'Emo' reggaeton brings out longing and nostalgia in the musical genre

(Unsplash/Marcela Laskoski)

(Unsplash/Marcela Laskoski)

by Stephen G. Adubato

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The rising trend of reggaeton artists delivering their lyrics in a melodic, emotional style is far from novel. As much as the genre has developed a reputation for its aggressive tone and lyrics, this more vulnerable style first emerged during the genre's primary commercial explosion in the mid-2000s. Use of this sound by newer breakout stars like Dalex, Sech and Rauw Alejandro brings out an element of longing and nostalgia that's built into the standard dembow rhythm of reggaeton.

Ethnomusicologist Wayne Marshall traces both the rhythmic and lyrical evolution of reggaeton in his essay "From Musica Negra to Reggaeton Latino: The Cultural Politics of Nation, Migration, and Commercialization," published in the 2009 collection titled Reggaeton. The genre, he explains, is situated in a continuous tension between influences of dancehall reggae and rap. 

The percussion patterns borrow largely from Jamaican dancehall riddims (instrumental tracks that often are reused by multiple artists), while also incorporating rhythmic and aesthetic elements from hip-hop, salsa, son and bomba y plena. As the genre gained more commercial viability, producers like the wildly successful duo Luny Tunes began incorporating even more hip-hop influences in their percussion patterns.

Lyrical content has varied from the 1990s, focusing on partying, dancing and celebrating Latino and pan-Caribbean identity, to the early 2000s, which played up themes of sexual inhibition, machismo and occasionally, violence or drugs. 

The evolution of lyrical delivery has a similar trajectory to that of the rhythm patterns. Marshall points to the example of Daddy Yankee, who made his debut on the famous "Playero 37" mixtape in 1994. In the early '90s, Yankee's singing style and aesthetic borrowed more heavily from dancehall reggae (Marshall cites his "double-time deliveries and lilting melodies") as well as from the "nasally tinged projections of salsa soneros ... [and] bomba singers." Daddy Yankee's mainstream breakout hit "Gasolina" in 2004 relies instead on the "more complex rhyme schemes and speech-like flows of hip hop MCs," writes Marshall.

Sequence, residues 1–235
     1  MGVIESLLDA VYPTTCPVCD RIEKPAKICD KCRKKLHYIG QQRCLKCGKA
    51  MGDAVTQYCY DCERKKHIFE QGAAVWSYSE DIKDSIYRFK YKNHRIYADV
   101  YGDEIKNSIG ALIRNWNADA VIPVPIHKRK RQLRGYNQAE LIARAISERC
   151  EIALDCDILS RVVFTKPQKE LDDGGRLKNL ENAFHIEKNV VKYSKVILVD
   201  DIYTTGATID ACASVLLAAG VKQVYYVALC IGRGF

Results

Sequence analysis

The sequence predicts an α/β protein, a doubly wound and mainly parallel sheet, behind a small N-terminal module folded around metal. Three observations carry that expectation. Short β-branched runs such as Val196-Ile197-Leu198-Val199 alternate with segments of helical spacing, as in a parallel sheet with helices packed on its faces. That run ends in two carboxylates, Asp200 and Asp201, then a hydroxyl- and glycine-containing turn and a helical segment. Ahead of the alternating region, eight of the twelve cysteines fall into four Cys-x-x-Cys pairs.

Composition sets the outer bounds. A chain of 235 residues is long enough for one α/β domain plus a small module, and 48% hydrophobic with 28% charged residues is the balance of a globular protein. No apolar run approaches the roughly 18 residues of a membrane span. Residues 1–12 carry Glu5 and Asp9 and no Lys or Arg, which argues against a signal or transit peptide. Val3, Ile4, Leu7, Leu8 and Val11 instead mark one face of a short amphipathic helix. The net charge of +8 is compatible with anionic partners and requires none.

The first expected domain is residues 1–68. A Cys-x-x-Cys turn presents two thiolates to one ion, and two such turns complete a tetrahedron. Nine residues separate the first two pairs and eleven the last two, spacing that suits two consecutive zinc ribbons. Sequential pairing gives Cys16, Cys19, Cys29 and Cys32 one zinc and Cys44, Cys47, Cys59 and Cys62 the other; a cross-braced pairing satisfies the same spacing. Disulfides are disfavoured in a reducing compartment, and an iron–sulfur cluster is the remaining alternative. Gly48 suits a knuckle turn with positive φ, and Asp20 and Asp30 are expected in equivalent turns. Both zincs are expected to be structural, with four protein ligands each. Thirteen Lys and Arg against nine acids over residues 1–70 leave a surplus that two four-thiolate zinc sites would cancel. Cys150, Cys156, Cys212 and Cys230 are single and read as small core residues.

The delivery styles that emulate those of U.S.-based rappers bring out the harshness and sexual aggression embedded in the dembow percussion pattern. But alongside artists like Daddy Yankee and Wisin & Yandel were others whose style of delivery are reminiscent of the more heartfelt elements within dembow.

Daddy Yankee performs in Mexico in November 2015. (Wikimedia Commons/YouTube screenshot)

Daddy Yankee performs in Mexico in November 2015. (Wikimedia Commons/YouTube screenshot)

Taking their cues from the singing styles of R&B and Latin pop artists, acts like R.K.M. & Ken-Y, Zion & Lennox, Angel & Khriz, and Alexis & Fido, among others, incorporated melodic, occasionally bordering on whining, vocal styles paired often with lyrics that explored themes of heartbreak and romantic longing. 

Take Zion & Lennox songs like "Bandida" or "Alocate," which carry out syllables in a melismatic way, giving them a tinge of aching and desperation. Or "Hay Algo en Ti," in which the lyrics paint a picture of the singers' longing: "There's something about you, baby, that drives me crazy/I find it hard to believe that our [relationship] was only a fling/because I've begun to miss you, need you, search for you everywhere." Or take the Tito El Bambino song "Mi Cama Huele a Ti" featuring Zion & Lennox, in which the chorus cries out using romantic imagery: "My bed smells like you/like your honey perfume/I close my eyes and think of you."

The duo R.K.M. & Ken-Y followed a similar style, going as far as branding themselves as "el dúo romántico." Their melismatic melodies and nostalgic lyrics are remarkably vulnerable compared to those of most other reggaetoneros. "You kill me/when you look at me and don't speak to me/I know you want me too" they croon in "Me Matas." 

In "Un Sueño," they fully unleash their longing for a lost lover, holding nothing back: "The hours pass and I'm still here missing and desiring you/and when night falls/I imagine I'm still with you/because I can't live if I don't have you." They similarly pine nostalgically in the intro to "Tu No Estas": "Why is it so difficult for me to accept that you're not here anymore/because now I'm drowning every day in my loneliness/and I pretend that you'll come back one day/but you're not here anymore."